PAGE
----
Vice President Kamal Harris is greeted by New Jersey officials as she lands in Newark International Airport.
PHOTOS DONALD PAYNE AND SEAN SPILLER VIA FACEBOOK

By JAIMIE JULIA WINTERS
winters@montclairlocal.com

Montclair Mayor Sean Spiller, Gov. Phil Murphy and U.S. Rep. Donald Payne were at Newark Liberty International Airport Friday morning to greet Vice President Kamala Harris, who visited New Jersey — including a stop in Montclair — to push for broader COVID-19 vaccination eligibility and expanded early childcare availability.

“It was my pleasure to greet the vice president this morning and offer my support as we remain laser-focused on increasing vaccinations and making sure the entire Build Back Better agenda gets over the finish line. It’s time to make critical investments in America,” Spiller told Montclair Local on Friday, Oct. 8. He thanked the vice president for coming to Montclair “to advocate for working- and middle-class families.”

The vice president also participated in a roundtable conversation at Montclair State University with Murphy, U.S. Rep. Mikie Sherrill and five educators, including Dr. Renee Baskerville, on federal investment in childcare through the Biden-Harris administration’s economic agenda.

Harris’s remarks discussed “the significance of supporting our children, supporting our parents,” ABC 7 reported.

Baskerville told Montclair Local she is hopeful because federal investment in childcare is a cornerstone of the Biden-Harris administration’s economic agenda. At the East Orange School District Early Childhood Department where she works, she sees firsthand every day what a difference having quality early education can do for not only children, but also families’ ability to work, volunteer and even continue their educational pursuits, she said.

“I put this right up there with affordable, accessible healthcare for all as a lifeline,” Baskerville said.

The five women of the panel and Sherrill, Baskerville said, shared their personal stories and how childcare plays a role in their lives.

“They all feel that childcare and paid leave for both partners is critical to maintaining strong families, educating their children,” Baskerville said. “Some even went to college while working and raising their children, and were able to do so because of affordable, accessible quality child care, their individual ‘villages’ and strong relationships with partners and in-laws.”

Dr. Renee Baskerville with Vice President Kamala Harris on Friday, Oct. 8, at Montclair State University. (COURTESY RENEE BASKERVILLE)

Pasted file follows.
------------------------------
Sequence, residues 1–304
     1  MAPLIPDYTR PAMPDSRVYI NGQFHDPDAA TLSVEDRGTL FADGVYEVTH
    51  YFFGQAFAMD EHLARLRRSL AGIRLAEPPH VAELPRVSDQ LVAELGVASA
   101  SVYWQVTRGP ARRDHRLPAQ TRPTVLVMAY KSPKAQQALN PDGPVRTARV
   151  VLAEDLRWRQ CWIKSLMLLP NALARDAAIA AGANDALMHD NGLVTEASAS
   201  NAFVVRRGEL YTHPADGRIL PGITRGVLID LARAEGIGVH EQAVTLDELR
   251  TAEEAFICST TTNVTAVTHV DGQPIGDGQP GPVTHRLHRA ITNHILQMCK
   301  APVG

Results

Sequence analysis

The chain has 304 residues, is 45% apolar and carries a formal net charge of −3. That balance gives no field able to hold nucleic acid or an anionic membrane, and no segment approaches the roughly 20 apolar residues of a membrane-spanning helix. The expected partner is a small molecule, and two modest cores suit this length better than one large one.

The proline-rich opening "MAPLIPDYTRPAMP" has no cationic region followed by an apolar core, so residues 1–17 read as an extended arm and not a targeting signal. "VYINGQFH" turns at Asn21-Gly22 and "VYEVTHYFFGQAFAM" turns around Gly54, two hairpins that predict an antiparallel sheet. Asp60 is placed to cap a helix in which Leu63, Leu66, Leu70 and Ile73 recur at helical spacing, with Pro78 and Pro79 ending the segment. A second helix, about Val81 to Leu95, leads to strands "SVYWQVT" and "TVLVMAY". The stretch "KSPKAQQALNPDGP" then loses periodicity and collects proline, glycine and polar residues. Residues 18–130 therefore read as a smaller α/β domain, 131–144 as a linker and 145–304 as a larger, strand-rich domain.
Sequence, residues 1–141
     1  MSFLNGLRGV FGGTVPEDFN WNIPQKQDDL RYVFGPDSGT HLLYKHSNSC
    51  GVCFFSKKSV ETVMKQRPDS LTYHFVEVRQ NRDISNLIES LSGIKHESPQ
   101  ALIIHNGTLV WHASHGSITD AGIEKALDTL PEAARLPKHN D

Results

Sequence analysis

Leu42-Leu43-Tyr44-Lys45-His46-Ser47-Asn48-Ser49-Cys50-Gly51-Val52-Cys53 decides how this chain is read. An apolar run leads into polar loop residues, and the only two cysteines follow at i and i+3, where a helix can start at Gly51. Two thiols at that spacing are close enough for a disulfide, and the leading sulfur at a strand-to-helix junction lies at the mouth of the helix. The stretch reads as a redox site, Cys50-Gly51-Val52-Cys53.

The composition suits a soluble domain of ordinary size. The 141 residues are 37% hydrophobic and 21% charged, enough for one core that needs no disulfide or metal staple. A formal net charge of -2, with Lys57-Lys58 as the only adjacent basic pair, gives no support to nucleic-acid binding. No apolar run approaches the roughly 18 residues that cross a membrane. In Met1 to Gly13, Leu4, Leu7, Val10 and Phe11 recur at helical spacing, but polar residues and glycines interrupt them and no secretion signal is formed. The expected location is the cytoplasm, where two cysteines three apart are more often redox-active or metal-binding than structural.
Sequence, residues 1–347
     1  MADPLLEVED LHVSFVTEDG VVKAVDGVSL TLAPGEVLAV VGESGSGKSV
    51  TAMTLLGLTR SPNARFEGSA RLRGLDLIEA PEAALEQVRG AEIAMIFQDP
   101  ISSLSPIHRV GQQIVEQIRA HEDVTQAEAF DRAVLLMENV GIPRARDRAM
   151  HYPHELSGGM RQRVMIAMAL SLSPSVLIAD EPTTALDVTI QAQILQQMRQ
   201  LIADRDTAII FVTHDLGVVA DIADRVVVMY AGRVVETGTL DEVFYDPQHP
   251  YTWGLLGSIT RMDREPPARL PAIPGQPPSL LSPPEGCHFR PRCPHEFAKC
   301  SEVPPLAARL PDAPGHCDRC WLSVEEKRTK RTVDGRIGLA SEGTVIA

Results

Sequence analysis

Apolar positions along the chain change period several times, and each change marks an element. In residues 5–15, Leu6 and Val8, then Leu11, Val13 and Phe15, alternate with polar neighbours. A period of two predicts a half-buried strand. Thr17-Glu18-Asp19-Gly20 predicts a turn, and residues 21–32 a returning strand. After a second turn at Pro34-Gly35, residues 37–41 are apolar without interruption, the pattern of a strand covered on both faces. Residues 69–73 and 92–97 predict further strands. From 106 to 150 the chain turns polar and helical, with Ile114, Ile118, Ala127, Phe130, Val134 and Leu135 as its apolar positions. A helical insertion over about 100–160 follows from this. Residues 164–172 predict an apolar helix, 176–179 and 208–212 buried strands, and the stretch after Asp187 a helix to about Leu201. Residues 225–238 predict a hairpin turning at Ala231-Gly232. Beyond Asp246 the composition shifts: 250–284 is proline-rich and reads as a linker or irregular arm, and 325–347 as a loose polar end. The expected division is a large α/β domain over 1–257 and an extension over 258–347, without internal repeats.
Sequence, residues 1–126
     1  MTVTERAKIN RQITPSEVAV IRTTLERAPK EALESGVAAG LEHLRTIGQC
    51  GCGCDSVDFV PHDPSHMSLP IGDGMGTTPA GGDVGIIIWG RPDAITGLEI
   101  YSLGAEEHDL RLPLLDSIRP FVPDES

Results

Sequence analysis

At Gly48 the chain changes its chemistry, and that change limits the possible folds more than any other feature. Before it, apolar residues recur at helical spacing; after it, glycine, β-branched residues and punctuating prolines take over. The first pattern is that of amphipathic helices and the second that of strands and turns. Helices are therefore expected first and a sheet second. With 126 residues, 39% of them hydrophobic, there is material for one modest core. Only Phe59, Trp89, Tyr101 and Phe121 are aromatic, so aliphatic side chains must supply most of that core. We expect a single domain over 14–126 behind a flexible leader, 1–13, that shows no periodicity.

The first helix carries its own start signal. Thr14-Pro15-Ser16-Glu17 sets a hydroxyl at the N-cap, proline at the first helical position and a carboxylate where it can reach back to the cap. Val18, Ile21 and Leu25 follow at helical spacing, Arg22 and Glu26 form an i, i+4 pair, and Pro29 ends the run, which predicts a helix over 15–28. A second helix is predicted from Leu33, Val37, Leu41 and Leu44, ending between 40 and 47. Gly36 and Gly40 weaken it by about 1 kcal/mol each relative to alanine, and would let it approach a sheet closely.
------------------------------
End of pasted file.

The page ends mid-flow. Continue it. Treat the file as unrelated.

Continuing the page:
The Biden administration is pushing for expanded child care as part of a multi-trillion-dollar budget reconciliation package that includes funding for universal preschool, affordable child care and an extension of the child tax credit. The plan aims to get mothers back to work and help fund child care centers, many of which are struggling to stay open. Democrats had proposed a package of as much as $3.5 trillion, but are in negotiations with party moderates who want to curb the spending.

According to a report by NJ.com, the vice president said: “A working person cannot go to work if they have no one to take care of their kids.”

Murphy, who has endorsed the bill, said the child care provisions in the Biden spending bill “would be a game changer for New Jersey,” according to the report.

Harris stopped in to visit the staff and children at Ben Samuels Children’s Center at Montclair State University, which offers child care beginning at 12 weeks through age 5 and is accredited by the National Association for the Education of Young Children.

The vice president was expected Friday afternoon to take a tour of the vaccination site at Essex County College. 

In July at a vaccination mobilization event in Michigan, Harris said the administration is leaving “no stone unturned” in getting information about coronavirus vaccines out and making them more accessible.

“Because we know getting vaccinated — here’s the thing: Getting vaccinated is the single-best defense against COVID-19 and its variants. It’s the single-best defense,” she said at the time.

The vaccine is currently available to those 12 years of age and older. But Pfizer is currently conducting clinical trials in children ages 6 months to 11 years and Thursday requested emergency authorization for its COVID-19 vaccine for children ages 5-11 in September or October.

Spiller, who did not accompany Harris to MSU and will not be at the vaccination site, said: “Under the leadership of President Biden and Vice President Harris, we are starting to turn the corner on the coronavirus pandemic.”

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